What is Your Job Motivation?

I was reading an online article the other day that was aimed at helping to prepare job seekers for the interview process. If you are asked in an interview "What motivates you?" , what would you say?   Of course, the article provided some good answers but you should know that about yourself long, long before you ever sit in front of an interviewer.

What does motivate you?

What do you get excited about?

What energizes you?

Answering the question is a great exercise for anyone, whether looking for a job or not.

Motivation is about more than just a job .  In a larger sense, it is your reason for being, your mission in life, your passion, that which feeds your soul.  Contrary to what some think, motivation can't be forced upon someone or coerced. Motivation comes from within a person and it's different for everyone.

Golden Handcuffs

It might seem like we all work for money, but there is much more to it than that. Many people are not highly motivated by money. I'm not, are you? Don't get me wrong, money is necessary and useful, but I've had jobs that were so miserable to me that no matter how much money I made, it didn't matter.  We don't all work for the same reward.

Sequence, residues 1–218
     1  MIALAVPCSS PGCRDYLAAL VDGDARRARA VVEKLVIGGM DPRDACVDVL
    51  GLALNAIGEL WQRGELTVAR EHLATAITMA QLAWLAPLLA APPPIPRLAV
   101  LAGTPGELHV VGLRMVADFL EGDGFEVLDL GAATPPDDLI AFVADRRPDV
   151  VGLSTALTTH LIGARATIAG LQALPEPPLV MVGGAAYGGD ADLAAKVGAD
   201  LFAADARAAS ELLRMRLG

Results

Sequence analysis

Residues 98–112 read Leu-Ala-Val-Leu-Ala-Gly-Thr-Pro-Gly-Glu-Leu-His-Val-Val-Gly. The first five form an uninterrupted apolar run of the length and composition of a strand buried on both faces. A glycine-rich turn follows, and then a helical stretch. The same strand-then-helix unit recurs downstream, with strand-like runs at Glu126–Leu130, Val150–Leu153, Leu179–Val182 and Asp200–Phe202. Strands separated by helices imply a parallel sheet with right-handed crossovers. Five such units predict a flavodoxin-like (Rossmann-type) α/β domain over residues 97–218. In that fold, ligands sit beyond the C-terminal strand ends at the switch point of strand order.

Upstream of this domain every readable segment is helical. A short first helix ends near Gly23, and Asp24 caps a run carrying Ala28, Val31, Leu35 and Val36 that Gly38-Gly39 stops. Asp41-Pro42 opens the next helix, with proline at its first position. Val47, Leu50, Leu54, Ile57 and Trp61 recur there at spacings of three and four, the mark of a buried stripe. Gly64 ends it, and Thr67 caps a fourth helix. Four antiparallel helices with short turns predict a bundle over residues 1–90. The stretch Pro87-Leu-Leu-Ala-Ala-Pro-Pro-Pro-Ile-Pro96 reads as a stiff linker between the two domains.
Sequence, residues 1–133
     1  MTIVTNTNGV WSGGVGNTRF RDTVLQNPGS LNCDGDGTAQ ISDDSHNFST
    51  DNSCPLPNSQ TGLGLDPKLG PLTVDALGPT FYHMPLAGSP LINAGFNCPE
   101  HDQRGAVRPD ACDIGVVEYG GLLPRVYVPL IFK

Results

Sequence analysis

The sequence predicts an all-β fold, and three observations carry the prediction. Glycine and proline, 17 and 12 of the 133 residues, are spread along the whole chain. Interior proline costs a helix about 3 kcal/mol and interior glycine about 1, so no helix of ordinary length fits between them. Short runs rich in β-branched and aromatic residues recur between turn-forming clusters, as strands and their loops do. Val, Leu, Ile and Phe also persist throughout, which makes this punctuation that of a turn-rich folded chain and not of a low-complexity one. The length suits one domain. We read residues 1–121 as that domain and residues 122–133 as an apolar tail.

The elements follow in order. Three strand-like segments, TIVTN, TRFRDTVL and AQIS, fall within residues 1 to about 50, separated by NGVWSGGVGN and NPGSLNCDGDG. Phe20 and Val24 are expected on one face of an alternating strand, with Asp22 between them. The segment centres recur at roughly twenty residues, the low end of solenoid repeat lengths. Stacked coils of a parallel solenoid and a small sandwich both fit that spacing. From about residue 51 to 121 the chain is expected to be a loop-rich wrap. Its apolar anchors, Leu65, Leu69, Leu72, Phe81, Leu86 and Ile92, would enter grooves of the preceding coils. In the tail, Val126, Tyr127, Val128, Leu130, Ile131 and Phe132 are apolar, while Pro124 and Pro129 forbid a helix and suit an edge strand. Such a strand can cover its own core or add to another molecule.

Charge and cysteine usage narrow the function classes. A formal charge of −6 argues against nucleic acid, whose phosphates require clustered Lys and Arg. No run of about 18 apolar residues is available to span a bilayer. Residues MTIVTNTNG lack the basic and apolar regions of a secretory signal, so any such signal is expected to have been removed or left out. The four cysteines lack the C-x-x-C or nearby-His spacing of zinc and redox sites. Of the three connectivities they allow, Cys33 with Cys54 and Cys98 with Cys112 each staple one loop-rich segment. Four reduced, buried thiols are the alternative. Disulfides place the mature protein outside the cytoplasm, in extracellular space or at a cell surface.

Have you ever heard someone say they had "golden handcuffs"? That expression is when someone makes so much money that they "can't afford" to leave their job.  The pay becomes a pair of handcuffs shackling them to their job, a self-imposed prison .  Yes, a self-imposed prison- no one is forcing them to stay at the job- it's their choice. Ultimately we all make choices on how we spend our time and energy. Being handcuffed to anything, even if in our minds, creates stress and unhappiness. The feeling that you have no choice is depressing and puts you in victim mode.  You feel powerless, but in fact you are NOT powerless.

Take back your power and create a life that satisfies you. You can't change your life instantly, but you can change it.  Step by step, you can create the life of your dreams.

Life is a marathon, not a sprint

I've run marathons before and trained many others to do the same, so let's use the marathon analogy.  A marathon is a 26.2 mile race.  On the first day of training we run about 2 miles.  That's all.  Then each week for about 8 months we gradually increase the mileage.  The difference from week to week is almost not noticeable, but by race day we are ready to do the entire 26.2 miles! Our minds and bodies are transformed, little by little, and literally step-by-step.

You can do the same in your life!  Good luck.

Contact me if you have questions or a success story to share.